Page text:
Proper maintenance of your stormwater retention ponds is critical to ensuring their health and longevity throughout the year. Far too often, these smaller bodies of water turn into potential safety hazards that threaten lives, safety, and even property values.
Mosquitoes, algae, and the eventual reclamation of the pond by mother nature pose a constant challenge to those tasked with their maintenance. We want to show you a few tips on how you can successfully maintain your stormwater retention pond and have it working as intended and looking as beautiful as the day it was first filled with water.
What is a Stormwater Retention Pond?
A stormwater retention pond is a man-made body of water that’s intended to help manage stormwater runoff. They’re most often found in urban areas such as parks, golf courses, and homeowner associations.
While their main task is flood mitigation and the prevention of potentially toxic materials from entering rivers, lakes, or the water table, they also are intended to help beautiful local communities—and in some cases provide recreational activities such as sport fishing or swimming.
Adding Plants and Vegetation
Adding plants around the shoreline serves as a buffer and helps prevents erosion, pesticides, and other pollutants from entering into the water. If there is a slope of land adjacent to the pond, you can plant grass, which will further help stem harmful organic nutrients from traveling into the water during a rainstorm.
Native plants also provide an aesthetic value as well. A watery hole in the ground that’s surrounded by dirt isn’t much to look at—but when you add native vegetation, it’s suddenly turned into an ecological wonder. Birds and other aquatic wildlife will start to show up, and that can help increase property values of nearby houses.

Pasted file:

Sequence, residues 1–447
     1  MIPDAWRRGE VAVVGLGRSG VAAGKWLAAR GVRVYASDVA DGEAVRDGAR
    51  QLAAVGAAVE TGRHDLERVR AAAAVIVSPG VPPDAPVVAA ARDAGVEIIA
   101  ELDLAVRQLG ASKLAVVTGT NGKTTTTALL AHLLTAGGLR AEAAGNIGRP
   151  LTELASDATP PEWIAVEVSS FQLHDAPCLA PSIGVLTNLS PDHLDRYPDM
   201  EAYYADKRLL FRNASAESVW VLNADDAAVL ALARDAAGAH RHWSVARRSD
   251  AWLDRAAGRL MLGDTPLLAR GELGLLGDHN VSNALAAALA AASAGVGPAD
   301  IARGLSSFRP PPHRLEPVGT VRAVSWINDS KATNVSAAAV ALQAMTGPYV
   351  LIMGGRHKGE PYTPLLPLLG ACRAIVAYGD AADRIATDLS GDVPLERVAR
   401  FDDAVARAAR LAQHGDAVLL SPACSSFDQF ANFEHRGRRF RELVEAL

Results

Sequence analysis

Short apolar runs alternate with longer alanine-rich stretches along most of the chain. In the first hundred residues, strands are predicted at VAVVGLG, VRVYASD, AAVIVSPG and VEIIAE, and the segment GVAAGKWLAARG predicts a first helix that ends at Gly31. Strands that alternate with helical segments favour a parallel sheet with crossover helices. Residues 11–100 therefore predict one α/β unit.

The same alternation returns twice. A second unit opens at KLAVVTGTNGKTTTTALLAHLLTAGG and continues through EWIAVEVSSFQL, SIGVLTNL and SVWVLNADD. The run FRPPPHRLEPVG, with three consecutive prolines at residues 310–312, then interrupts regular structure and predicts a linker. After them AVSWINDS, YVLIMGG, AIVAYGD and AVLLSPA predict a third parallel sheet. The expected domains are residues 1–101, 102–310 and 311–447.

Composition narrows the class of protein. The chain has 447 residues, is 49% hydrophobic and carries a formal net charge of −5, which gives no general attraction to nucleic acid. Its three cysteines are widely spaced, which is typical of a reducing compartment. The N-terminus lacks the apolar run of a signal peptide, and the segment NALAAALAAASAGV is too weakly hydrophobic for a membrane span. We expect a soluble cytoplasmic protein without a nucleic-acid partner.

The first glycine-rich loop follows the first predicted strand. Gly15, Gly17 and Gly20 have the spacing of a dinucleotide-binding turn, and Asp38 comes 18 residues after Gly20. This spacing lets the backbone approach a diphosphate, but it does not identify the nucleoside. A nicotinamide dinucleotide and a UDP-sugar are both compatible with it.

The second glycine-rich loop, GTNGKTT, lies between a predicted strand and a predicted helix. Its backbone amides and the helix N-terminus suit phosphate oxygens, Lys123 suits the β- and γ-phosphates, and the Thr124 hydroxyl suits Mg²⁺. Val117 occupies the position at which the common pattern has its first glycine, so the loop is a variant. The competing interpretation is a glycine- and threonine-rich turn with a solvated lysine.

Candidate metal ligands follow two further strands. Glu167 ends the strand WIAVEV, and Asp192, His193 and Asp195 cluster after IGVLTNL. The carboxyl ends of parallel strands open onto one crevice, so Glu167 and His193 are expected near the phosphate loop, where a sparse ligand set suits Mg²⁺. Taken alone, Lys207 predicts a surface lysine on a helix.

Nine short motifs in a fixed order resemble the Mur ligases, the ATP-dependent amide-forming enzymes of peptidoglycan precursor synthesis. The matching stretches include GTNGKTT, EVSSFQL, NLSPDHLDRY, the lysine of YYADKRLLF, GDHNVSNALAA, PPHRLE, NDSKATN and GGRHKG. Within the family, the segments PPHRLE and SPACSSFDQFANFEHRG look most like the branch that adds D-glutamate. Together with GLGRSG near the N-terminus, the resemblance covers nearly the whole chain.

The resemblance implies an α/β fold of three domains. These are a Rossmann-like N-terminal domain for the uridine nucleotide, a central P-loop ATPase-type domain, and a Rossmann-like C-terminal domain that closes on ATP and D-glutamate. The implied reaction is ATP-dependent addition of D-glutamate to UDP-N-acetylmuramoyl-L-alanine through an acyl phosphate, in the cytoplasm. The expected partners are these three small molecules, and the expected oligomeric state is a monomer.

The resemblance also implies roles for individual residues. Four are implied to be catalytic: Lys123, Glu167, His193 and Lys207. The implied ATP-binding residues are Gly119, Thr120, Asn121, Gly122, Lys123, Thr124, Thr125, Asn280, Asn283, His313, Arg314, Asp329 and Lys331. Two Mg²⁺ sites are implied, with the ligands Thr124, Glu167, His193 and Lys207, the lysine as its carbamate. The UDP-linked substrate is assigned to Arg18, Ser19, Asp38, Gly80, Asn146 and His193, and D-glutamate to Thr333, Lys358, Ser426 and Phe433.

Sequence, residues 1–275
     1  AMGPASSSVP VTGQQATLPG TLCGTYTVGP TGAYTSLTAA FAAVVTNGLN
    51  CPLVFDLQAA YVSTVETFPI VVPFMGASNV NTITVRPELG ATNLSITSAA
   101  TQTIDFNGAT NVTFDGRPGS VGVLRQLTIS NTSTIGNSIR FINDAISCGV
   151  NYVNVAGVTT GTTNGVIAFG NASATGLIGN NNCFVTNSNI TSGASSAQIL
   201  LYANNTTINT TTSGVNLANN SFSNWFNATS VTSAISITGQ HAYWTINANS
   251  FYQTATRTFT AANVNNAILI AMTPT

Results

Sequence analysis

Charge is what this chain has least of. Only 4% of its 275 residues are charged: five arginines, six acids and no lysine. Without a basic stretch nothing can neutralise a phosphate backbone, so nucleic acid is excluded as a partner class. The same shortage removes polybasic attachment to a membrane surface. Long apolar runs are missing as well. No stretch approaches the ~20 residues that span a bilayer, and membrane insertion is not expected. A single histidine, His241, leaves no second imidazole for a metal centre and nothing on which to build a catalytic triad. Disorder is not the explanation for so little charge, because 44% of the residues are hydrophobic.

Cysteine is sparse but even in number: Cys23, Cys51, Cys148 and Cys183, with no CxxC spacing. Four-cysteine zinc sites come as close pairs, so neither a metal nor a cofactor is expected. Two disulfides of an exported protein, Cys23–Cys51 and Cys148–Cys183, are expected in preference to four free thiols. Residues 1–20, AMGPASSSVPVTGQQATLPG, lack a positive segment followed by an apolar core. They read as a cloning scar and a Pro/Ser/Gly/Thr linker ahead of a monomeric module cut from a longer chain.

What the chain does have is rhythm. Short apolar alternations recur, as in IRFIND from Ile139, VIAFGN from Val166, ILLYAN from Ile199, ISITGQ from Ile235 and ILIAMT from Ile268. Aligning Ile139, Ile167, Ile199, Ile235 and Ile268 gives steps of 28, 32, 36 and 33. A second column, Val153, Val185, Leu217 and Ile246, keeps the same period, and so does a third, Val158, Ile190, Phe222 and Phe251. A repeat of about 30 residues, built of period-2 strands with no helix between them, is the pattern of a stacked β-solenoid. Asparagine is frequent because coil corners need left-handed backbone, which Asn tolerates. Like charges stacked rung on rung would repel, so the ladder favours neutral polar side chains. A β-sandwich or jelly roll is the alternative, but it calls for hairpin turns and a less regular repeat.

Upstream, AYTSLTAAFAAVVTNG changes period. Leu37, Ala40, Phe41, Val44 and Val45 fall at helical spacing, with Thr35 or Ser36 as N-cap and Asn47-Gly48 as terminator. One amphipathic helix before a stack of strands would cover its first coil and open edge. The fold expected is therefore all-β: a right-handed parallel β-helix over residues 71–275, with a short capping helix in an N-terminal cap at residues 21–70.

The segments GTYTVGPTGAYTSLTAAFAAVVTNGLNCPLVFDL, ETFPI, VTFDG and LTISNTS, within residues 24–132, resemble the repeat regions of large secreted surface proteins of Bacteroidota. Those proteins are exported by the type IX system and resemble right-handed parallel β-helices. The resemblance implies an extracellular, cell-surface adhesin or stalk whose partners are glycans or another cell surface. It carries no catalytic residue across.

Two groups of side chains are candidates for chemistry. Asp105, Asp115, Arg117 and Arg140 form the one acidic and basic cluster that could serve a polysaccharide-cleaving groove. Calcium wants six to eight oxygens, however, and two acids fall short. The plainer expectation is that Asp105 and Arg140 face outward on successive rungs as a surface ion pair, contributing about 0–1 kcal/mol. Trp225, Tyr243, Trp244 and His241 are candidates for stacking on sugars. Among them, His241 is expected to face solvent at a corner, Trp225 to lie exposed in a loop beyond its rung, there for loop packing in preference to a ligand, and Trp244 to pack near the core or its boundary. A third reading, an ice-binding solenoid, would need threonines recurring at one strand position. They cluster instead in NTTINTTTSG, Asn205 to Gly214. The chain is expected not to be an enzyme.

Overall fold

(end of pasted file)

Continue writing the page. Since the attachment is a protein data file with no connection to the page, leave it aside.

Reduce Chemical Runoff
HOA’s should make it a point to convey to homeowners the importance of reducing the usage of toxic pesticides and chemicals in their front and back yards. When it rains, all of these dangerous chemicals will make their way to the street and eventually into the retention pond via the stormwater drains. Some homeowner’s associations have even gone as far as banning “cosmetic” lawn chemicals– and this helps combat pollutants from entering into the pond.
Aerate the Turf
The turf that surrounds the stormwater retention pond can become compacted over time. This, in turn, can cause erosion and a potential pond overflow situation when it rains. It’s critical to mow the grass and trim back the surrounding vegetation regularly.
Aerating the soil on an annual or bi-annual basis is the best way to help prevent soil compaction. While there are many ways to go about this, the basic approach is to perforate the soil with small holes that allow water, nutrients, and air to reach the grass roots.
An adequately aerated turf will allow the soil to absorb nutrients more efficiently, and that can help prevent the amount of water that travels down into the retention pond during a rain event.
Removal of Organic Debris
Organic debris such as leaves, twigs, and animal droppings can accumulate around the shoreline. Wind and rain cause them to enter into the water column where they settle at the deep end. This “dead area” of the water lacks the necessary bacteria to break down the nutrients. Over time, the water becomes nutrient-rich and can cause a nuisance algae outbreak—and literally choke the oxygen and life right out of the water.
You can also help mitigate algae outbreaks by installing a mechanical aeration system, which adds oxygen to the water. By aerating the water, it causes a shift in the CO2 levels, which can help prevent the ideal conditions for an algae bloom. While there are chemical alternatives to controlling outbreaks on the market, it’s not advisable to use them if the water will reach a lake, river, or get absorbed into the local water table.
Dredge Your Ponds
Dredging your ponds can help reduce and eliminate the organic muck that sits at the bottom—and cut off the food that the nuisance algae feed upon. By removing the muck, it will also help prevent man-made toxins from entering into the local ecosystem.
At American Underwater Services, we’ve helped countless HOA, golf course, and residential homeowners dredge their ponds over the decades.
Our professional and expert dredgers can travel anywhere in the country to help improve the health and longevity of your stormwater retention pond. Give us a call at (866) 594-1272 or contact us on our website to learn more about the dredging and pond maintenance services that we offer.